In recent years there has been a significant increase in businesses enhancing their sustainability vision and strategies and COVID-19 as accelerated this practice. A key component of this is taking a holistic approach to sustainability. As the panel discussed what this means for the built environment, two key themes emerged.
The first is embedding the sustainability mindset into the business agenda and across operations. It is no longer about a separated green agenda or trend. Sustainability is now featuring in the commercial language of businesses from the top-level CEOs and Managing Directors to the Project Managers in charge of delivering the projects. There has been a shift in the way costs and value are judged, going beyond just the cost of development to prioritise the lifecycle of an asset. This includes design, construction, maintenance demolition and reuse.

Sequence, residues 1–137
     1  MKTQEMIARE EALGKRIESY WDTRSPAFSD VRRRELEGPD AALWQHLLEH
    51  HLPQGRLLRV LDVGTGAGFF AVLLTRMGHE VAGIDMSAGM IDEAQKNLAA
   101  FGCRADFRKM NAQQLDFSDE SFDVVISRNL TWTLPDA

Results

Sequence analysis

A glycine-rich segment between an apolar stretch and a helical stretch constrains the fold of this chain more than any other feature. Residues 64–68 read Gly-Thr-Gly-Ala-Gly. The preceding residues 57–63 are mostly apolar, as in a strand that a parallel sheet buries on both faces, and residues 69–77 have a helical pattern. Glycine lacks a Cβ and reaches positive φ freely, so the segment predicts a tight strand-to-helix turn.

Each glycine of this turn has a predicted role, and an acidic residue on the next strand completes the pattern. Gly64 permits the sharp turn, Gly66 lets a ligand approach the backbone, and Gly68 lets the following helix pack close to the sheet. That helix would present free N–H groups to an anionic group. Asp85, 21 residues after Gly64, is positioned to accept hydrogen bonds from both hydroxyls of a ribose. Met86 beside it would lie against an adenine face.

An example of this is being seen with businesses engaging with lawyers to incorporate sustainability goals into contracts and ensure contracts facilitate an innovative, collaborative approach. Although the built environment sector is already making big strides in the lifecycle approach, it is often disjointed and requires a more holistic, circular economy focus that includes both the new buildings and old buildings. It is estimated that 26 million existing homes will need to be retrofitted to reach net zero by 2050. Tackling the inefficiencies in the existing stock of buildings and accelerating the transition must be kept in the conversation alongside new building methods, materials, and innovations. Businesses have the opportunity to drive credible sustainable action in this way.